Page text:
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  Nonfarm Productivity Increased 5.4% at an Annual Rate in the First Quarter
Posted Under: Data Watch • Employment • Productivity • COVID-19
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Implications: After declining in the fourth quarter, productivity bounced back in Q1 rising at a 5.4% annualized rate. The Q1 increase in nonfarm productivity came as output and hours worked both rose.  Looking at the details shows that output in Q1 rose at a faster pace than hours worked pushing output per hour higher. The 2.9% annualized increase in the hours worked index still leaves this measure 4.3% lower than it was in the Q4 of 2019, the last quarter not affected by the COVID-19 pandemic. Output, however, with the 8.4% annualized increase in the Q1, is now only 0.6% below the level in the fourth quarter of 2019.  Productivity is up 4.1% from a year ago, the fastest four-quarter increase since 2010.  "Real" (inflation-adjusted) compensation per hour rose at a 1.3% annualized rate in Q1.  This is good news as it's still most likely being artificially held down by many lower-paid workers finally getting hired back after being furloughed in early 2020.  That process of rehiring lower-paid workers has put downward pressure on the average amount paid per hour.  Looking at the year-over-year change to cut through some of the volatility from the past few quarters shows "real" compensation is up 3.8%.  On the manufacturing front, productivity grew at a 0.1% annualized rate as output rose slightly faster than hours.  Problems with supply-chain management are holding down output growth in the manufacturing sector.  It may sound counterintuitive, but big increases in productivity regularly occur during recessions because businesses tend to let go of their least productive workers as they focus on managing costs and boosting efficiency. We are now well into a recovery but expect these efficiencies to continue to play out over the coming quarters. In other news this morning, initial jobless claims fell 92,000 last week to 498,000, a new pandemic low. Meanwhile, continuing claims for regular benefits rose 37,000 to 3.690 million. These numbers are consistent with our forecast that nonfarm payrolls rose 990,000 in April with the unemployment rate falling to 5.8%.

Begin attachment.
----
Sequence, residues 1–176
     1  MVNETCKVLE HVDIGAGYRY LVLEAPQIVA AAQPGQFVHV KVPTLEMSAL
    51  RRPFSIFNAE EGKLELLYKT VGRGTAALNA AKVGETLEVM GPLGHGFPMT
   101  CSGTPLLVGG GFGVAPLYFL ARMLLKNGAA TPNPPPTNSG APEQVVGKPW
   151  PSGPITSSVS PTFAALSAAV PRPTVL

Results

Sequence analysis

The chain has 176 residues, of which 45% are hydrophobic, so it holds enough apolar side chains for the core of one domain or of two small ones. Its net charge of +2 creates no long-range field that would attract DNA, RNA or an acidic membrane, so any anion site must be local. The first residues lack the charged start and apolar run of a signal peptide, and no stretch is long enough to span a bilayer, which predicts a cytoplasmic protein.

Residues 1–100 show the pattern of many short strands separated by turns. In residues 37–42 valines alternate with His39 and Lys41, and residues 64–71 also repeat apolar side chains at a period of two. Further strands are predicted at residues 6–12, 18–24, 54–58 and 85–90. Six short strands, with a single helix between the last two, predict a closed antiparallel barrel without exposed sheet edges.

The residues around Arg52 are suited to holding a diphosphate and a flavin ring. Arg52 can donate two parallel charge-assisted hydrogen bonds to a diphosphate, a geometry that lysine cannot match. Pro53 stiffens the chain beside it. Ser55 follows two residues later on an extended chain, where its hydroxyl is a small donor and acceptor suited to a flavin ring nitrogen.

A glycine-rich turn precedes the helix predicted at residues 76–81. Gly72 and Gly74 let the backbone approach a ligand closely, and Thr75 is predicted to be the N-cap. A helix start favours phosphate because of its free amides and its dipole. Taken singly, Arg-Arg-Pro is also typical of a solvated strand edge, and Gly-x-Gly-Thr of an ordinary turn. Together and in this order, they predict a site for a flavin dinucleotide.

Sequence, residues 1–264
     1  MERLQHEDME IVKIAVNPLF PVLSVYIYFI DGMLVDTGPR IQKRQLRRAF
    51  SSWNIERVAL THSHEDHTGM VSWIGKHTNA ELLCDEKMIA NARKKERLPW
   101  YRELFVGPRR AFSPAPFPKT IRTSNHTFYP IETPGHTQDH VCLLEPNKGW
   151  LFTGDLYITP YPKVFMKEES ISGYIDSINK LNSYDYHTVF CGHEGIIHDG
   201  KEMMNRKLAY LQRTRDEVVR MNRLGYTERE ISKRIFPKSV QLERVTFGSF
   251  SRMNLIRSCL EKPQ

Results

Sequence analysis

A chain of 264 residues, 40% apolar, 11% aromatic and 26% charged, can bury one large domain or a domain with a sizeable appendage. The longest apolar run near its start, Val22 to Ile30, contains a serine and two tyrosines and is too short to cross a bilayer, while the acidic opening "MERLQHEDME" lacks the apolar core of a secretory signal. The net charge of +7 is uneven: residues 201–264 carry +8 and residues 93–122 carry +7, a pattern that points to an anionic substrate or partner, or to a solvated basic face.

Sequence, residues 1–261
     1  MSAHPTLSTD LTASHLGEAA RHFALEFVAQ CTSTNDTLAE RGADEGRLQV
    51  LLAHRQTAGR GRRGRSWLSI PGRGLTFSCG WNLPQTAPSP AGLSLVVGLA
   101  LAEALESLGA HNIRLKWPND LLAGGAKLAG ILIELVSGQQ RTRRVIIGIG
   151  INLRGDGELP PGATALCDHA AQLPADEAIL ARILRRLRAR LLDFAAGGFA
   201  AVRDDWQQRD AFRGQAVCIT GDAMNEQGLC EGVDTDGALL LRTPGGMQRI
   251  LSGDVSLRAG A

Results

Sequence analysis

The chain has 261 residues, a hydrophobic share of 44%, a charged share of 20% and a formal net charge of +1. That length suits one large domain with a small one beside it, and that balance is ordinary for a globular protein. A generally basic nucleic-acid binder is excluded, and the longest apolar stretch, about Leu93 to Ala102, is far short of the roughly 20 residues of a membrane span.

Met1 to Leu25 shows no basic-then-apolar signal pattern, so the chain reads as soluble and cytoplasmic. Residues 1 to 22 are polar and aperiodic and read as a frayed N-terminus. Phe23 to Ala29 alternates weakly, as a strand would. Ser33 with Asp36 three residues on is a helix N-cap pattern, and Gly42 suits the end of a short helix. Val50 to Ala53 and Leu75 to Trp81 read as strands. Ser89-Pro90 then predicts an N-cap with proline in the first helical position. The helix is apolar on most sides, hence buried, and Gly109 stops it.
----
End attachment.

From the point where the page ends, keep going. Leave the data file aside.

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Posted on Thursday, May 6, 2021 @ 2:07 PM • Post Link Print this post Printer Friendly

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